An Overview of Orthopedic Surgery

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Orthopedic surgery is the medical specialty dedicated to the surgical treatment of issues related to the musculoskeletal system (i.e., the bones and connective tissues, such as ligaments and tendons). This involves a wide variety of procedures, from ACL and meniscus repair to hip replacement to spinal fusion and more. Orthopedic surgery may be done to treat condition-, age-, or accident-related concerns, and therefore may be carefully planned or entirely unexpected.

Surgeries of this type can also vary greatly in terms of how invasive they are, the risks they carry, and what it takes to recover from them.

While some use the terms orthopedist and orthopedic surgeon interchangeably, some make a clearer distinction, as those who perform such surgical procedures undergo additional specialized training.

Subspecialties

Over the years, the field of orthopedic surgery has expanded to encompass many subspecialties and the treatment of many musculoskeletal disorders in patients of all ages.

Some of the common orthopedic surgery subspecialties include:

  • Foot and ankle surgery
  • Hand surgery
  • Hip and knee reconstruction
  • Pediatric orthopedics
  • Spine disorders
  • Sports medicine
  • Trauma surgery

These and others often overlap with other medical specialties, including neurosurgery, plastic surgery, rheumatology, and podiatry. Orthopedic surgeons often have to work closely with other physicians in order to manage complex problems.

In addition, orthopedic surgeons work directly with primary care doctors, pediatricians, anesthesiologists, emergency room physicians, as well as non-physician clinicians such as physician assistants, athletic trainers, orthopedic technologists, nurse practitioners, and others.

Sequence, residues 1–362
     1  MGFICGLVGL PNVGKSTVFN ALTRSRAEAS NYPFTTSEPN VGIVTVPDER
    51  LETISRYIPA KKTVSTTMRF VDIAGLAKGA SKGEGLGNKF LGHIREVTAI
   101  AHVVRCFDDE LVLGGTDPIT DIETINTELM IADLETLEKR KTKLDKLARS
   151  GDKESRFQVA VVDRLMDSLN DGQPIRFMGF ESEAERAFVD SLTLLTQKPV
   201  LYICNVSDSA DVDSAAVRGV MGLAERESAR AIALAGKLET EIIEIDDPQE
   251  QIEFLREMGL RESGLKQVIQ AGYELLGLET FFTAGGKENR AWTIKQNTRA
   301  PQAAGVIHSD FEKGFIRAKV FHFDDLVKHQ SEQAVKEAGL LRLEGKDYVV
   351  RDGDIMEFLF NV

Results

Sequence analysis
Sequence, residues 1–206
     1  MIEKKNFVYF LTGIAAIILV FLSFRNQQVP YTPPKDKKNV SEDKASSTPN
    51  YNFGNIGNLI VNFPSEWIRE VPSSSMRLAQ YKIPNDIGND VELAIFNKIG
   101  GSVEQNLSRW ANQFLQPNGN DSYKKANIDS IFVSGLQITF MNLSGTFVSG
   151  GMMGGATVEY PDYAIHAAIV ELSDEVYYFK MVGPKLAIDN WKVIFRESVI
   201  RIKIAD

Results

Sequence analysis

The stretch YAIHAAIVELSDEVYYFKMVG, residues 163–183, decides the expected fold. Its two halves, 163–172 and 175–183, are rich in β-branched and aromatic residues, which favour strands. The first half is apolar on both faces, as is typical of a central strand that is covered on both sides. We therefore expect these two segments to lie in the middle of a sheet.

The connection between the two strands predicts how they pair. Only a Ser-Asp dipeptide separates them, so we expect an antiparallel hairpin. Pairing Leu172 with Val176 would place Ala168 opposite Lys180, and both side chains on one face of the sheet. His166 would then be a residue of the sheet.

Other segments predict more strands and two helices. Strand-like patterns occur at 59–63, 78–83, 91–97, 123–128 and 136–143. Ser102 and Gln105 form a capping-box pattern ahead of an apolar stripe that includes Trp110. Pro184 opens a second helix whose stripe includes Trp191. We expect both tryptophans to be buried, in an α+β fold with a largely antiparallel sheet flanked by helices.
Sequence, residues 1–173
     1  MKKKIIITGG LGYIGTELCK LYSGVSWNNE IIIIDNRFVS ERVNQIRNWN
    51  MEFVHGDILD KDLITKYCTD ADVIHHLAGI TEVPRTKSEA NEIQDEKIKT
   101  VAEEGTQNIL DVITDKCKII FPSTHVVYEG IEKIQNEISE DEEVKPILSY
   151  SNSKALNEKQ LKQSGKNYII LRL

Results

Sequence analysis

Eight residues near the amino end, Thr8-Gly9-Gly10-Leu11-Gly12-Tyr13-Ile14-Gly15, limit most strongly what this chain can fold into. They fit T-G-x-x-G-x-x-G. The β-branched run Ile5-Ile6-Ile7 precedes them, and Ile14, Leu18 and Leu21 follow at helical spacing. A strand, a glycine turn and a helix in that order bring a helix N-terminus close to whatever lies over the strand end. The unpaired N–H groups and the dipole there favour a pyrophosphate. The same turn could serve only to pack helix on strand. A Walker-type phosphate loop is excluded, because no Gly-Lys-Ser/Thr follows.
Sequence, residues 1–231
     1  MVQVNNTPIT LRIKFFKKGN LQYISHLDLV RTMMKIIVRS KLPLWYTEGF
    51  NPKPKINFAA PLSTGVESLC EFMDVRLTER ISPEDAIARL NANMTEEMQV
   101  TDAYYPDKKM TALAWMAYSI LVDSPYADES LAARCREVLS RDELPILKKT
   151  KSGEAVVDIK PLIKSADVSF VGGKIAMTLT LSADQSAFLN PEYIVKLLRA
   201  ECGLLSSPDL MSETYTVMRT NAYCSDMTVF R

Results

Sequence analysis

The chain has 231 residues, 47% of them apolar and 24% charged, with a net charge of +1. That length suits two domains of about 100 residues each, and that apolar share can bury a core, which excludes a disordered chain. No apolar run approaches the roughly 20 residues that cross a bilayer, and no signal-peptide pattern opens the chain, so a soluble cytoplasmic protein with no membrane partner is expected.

Common Types of Surgery

Most orthopedic surgical procedures involve bones or joints. Some surgeries can be performed arthroscopically (by looking inside a joint with a camera), others through minimal incisions, and still others require larger, more invasive incisions.

Some of the more commonly performed orthopedic surgical procedures include ACL reconstruction, meniscus repair, and knee replacement.

It's important to reinforce the fact that the vast majority of people who consult with an orthopedic surgeon never actually go to an operating room for treatment. Orthopedic surgeons ensure that non-surgical options, if potentially useful, are explored before recommending surgery.

While many have the perception that an orthopedic problem needs to be treated with surgery in order for treatment to be successful, that is not always the case.

Risks of Orthopedic Surgery

There are risks associated with a surgical treatment any time one is performed. While most often these risks can be controlled, and most procedures are very safe, there are possible complications that you should understand if you're planning on orthopedic surgery.

Anesthesia-Related

Most patients will have some type of anesthetic when undergoing surgery. There is a broad spectrum of options for anesthesia for orthopedic procedures, which range from local anesthesia to a general anesthesia, with many options in between. Not every type of anesthesia will work for every surgery, but most often there are options that you may consider.